Interest on overpayment of any internal revenue tax is provided by statute:
28 U.S.C. § 2411. In any judgment of any court rendered (whether against the United States, a collector or deputy collector of internal revenue, a former collector or deputy collector, or the personal representative in case of death) for any overpayment in respect of any internal-revenue tax, interest shall be allowed at the overpayment rate established under section 6621 of the Internal Revenue Code of 1986 upon the amount of the overpayment, from the date of the payment or collection thereof to a date preceding the date of the refund check by not more than thirty days, such date to be determined by the Commissioner of Internal Revenue.
The Court of Federal Claims concluded that § 2411 does not apply to the three years in which the administrative steps for refund under the Tax Code were not taken. The government argued, and the court agreed, that administrative refund requests under 26 U.S.C. § 6511 cannot be bypassed by judicial action, and that since recovery is limited to the prior three years under § 6511, interest for six years cannot be paid when the refund is obtained under the Tucker Act. Andalex Resources, 54 Fed.Cl. at 565 ("Plaintiffs have chosen to pursue their claims independently of the tax refund system, so they may not use the § 2411 waiver of sovereign immunity for interest payments.") Thus the court denied interest for the three earliest tax years, for Clintwood did not follow the IRS administrative procedure for those years. The court relied on Economy Plumbing & Heating Co. v. United States, 200 Ct.Cl. 31, 470 F.2d 585, 592 (1972), for the statement that 28 U.S.C. § 2411 applies "only to taxpayers who have overpaid their taxes, have filed a timely claim for refund, and are within the administrative system providing for the recovery of overpaid taxes and are entitled to its benefits." However, Economy Plumbing was not a tax refund case, and the quoted statement was made only to explain that § 2411 did not apply to a contract dispute where the contractor sought interest on a contract adjustment it had received from the government. Economy Plumbing cannot be extended to the present case.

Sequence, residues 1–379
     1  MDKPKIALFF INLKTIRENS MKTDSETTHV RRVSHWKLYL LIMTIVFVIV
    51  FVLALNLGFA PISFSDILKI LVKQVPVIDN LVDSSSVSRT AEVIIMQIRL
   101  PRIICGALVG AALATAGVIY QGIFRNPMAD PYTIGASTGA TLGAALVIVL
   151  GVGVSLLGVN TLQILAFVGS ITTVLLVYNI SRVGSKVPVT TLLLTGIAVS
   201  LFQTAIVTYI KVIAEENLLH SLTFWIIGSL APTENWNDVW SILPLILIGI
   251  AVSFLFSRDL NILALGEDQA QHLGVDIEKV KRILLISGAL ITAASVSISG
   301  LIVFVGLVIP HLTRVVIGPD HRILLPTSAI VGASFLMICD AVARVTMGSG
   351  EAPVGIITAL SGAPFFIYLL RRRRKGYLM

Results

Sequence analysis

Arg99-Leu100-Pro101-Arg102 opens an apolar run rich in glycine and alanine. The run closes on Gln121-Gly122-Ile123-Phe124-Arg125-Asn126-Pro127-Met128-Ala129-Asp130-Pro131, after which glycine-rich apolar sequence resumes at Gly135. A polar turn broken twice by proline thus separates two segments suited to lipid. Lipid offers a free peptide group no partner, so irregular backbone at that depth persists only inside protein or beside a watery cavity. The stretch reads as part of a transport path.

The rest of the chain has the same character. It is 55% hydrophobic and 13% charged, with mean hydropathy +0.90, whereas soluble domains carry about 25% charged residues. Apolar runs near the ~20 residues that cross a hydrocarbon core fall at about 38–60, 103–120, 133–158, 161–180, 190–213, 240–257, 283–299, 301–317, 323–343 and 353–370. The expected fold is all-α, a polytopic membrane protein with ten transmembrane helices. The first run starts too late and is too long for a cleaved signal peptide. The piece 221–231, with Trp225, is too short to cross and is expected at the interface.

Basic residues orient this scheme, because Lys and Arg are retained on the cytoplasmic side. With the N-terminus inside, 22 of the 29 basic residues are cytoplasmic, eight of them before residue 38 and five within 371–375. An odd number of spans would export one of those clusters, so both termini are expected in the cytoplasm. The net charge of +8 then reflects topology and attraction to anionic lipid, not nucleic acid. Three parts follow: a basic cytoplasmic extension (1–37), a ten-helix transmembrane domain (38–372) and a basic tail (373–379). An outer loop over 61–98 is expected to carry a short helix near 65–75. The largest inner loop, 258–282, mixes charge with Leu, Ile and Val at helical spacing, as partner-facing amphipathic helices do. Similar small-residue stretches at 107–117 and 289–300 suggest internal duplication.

No precedent has been cited or found to the effect that interest is barred on Tucker Act recovery except for the period during which the plaintiff could have obtained interest through an administrative procedure. Such a convoluted threshold is not imposed by § 2411, which is a straightforward recognition that the government should pay for its use of a taxpayer's money to which the government was not entitled.
The legislative history of § 2411 is directly relevant to this conclusion. In 1924 Congress repealed the requirement that a refund claim must be filed as a precondition to receiving interest under the predecessor of 28 U.S.C. § 2411. The House Report explained that
if the amounts in question were not legally owing to the Government, it is equitable that the Government should pay a reasonable rate of interest during the period of their retention; and the fact of protest or a claim does not affect the merits of such an interest payment.
H.Rep. No. 68-179, at 35 (1924). The Report explained that a tax overpayment is not fully remedied unless it includes interest for the time that the money was in the hands of the government. Id. There is no basis now to narrow the principle of § 2411 through reimposing this long-dead administrative requirement.
The threshold requirement under § 2411 is a judgment for the overpayment. Section 2411 provides for interest on "any judgment of any court" for "any overpayment in respect to any internal-revenue tax," and the term "overpayment" has been defined by the Supreme Court as including a tax "erroneously or illegally assessed or collected." Jones v. Liberty Glass Co., 332 U.S. 524, 68 S.Ct. 229, 92 L.Ed. 142 (1947). In Liberty Glass the Court discussed the term "overpayment" and saw "no basis for making it over into a word of art." 332 U.S. at 532, 68 S.Ct. 229. Neither law nor logic supports the government's position that no interest can be paid under § 2411 except for the period for which interest could be paid under § 6511.
The judgment of the Court of Federal Claims, denying interest on the first three years of Clintwood's Tucker Act recovery, is contrary to law and is reversed. We remand for the award of interest on the refunded export taxes for the entire period of recovery.
REVERSED AND REMANDED
Sub nom. Andalex Resources, Inc. v. United States, No. 00-cv-249 (Fed.Cl. July 21, 2004).